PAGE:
Engel’s knees hurt. This was the first time he’d been inside a church in twelve years, and he wasn’t used to it any more. He’d come in here, all unknowing, and the first thing he knew he was on his knees on this hard wooden plank, and pretty soon the kneecaps had started burning, and then shooting pains had developed up and down the legs, and by now he was almost sure something was broken down there and he’d never walk again.

To his left, blocking the aisle directly in front of the altar, was Charlie Brody’s casket, draped with a black cloth bearing a gold embroidered cross. It was really very fancy-looking, and a nutty rhyme began to circulate around in Engel’s head: A tisket, a tasket,/A black and yellow basket,/Charlie Brody kicked the bucket/And now he’s in a casket,/A casket,/And now he’s in a casket.

The rhyme struck him funny, and he grinned a little, but then out of the corner of his eye he saw Nick Rovito giving him the fish-eye, so he dummied up again. Then his left knee suddenly gave him a particularly vicious twinge, and he got on his face an expression Nick Rovito couldn’t possibly object to. He leaned as much weight as possible on his forearms resting on the back of the pew in front of him, and he wondered how much longer this foofaraw was going to take.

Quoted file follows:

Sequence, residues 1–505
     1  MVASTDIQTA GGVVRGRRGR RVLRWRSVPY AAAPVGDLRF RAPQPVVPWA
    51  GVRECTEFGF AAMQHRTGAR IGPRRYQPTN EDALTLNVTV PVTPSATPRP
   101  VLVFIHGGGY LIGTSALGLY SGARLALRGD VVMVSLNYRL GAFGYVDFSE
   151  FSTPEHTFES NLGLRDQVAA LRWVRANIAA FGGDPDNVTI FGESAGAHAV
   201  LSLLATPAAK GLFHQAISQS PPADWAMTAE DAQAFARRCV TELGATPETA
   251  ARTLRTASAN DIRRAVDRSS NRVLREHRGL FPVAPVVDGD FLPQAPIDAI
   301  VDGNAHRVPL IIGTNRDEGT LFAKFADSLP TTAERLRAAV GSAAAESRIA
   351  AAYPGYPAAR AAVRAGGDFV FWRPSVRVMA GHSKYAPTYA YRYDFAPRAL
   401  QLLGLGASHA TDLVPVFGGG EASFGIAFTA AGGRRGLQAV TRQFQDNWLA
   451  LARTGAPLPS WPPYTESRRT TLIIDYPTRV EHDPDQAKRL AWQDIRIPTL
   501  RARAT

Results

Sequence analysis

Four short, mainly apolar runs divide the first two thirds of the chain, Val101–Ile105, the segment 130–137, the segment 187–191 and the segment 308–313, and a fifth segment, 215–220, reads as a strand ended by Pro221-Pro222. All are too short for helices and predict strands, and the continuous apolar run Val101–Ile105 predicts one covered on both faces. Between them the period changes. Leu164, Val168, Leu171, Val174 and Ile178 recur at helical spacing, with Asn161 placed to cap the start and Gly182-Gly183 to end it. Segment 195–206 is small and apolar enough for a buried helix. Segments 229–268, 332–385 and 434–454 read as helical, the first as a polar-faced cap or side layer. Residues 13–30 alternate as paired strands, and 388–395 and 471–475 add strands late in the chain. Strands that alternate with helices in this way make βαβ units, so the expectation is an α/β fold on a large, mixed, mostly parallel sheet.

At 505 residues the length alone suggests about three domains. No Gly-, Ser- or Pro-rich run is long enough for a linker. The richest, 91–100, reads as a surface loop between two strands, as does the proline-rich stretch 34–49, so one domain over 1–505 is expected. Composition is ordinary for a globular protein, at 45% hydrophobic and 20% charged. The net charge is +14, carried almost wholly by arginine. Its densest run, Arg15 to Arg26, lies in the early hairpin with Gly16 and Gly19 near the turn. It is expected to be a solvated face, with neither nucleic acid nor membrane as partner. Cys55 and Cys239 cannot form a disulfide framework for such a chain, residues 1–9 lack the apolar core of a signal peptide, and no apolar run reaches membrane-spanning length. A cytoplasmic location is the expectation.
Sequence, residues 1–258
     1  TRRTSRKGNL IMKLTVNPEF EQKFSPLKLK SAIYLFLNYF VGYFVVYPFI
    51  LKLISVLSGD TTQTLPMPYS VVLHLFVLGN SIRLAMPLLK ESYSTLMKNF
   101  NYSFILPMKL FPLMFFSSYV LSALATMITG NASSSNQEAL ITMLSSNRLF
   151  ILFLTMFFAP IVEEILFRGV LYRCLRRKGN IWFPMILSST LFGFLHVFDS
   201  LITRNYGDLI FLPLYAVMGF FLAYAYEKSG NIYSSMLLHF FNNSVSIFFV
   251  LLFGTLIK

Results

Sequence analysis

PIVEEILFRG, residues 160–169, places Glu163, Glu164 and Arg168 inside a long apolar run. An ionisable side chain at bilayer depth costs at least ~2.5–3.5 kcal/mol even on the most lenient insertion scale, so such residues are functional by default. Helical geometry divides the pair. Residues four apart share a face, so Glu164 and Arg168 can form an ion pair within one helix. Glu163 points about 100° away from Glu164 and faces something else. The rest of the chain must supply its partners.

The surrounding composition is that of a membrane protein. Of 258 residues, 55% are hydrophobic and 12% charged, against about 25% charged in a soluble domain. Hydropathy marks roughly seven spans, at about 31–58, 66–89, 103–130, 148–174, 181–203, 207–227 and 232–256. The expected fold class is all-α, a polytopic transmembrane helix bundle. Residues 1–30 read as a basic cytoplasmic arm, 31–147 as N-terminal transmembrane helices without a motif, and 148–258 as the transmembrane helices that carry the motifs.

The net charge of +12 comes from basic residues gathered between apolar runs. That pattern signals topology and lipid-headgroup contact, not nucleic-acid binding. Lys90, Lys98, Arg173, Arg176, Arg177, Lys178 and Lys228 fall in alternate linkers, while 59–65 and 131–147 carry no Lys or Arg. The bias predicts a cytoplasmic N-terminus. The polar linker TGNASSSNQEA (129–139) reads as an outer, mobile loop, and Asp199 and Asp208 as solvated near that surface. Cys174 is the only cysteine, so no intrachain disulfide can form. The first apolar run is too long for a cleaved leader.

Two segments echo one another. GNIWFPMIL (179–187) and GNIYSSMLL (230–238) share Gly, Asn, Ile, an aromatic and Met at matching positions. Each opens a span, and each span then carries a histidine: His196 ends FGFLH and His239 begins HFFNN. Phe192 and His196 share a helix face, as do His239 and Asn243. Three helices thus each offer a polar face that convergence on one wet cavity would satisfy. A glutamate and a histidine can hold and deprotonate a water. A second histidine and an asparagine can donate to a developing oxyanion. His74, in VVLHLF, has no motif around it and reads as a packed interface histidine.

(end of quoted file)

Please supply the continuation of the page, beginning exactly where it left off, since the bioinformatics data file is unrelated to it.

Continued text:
In a way, none of this was even necessary, since Charlie Brody hadn’t kicked off in the line of duty, hadn’t been gunned down or anything like that. All he’d had was a heart attack. Of course, he’d had it just when he was putting some water on to boil for instant coffee, and he’d fallen over with his head in the flame, so he was just as much a mess now as if he been rubbed out—closed coffin and all, no viewing the remains, the whole bit—but nevertheless, in the old days this sort of big-shot funeral had been reserved either for VIPs or guys sliced down on the job.

Lesen Sie weiter in der vollständigen Ausgabe!

Lesen Sie weiter in der vollständigen Ausgabe!

Lesen Sie weiter in der vollständigen Ausgabe!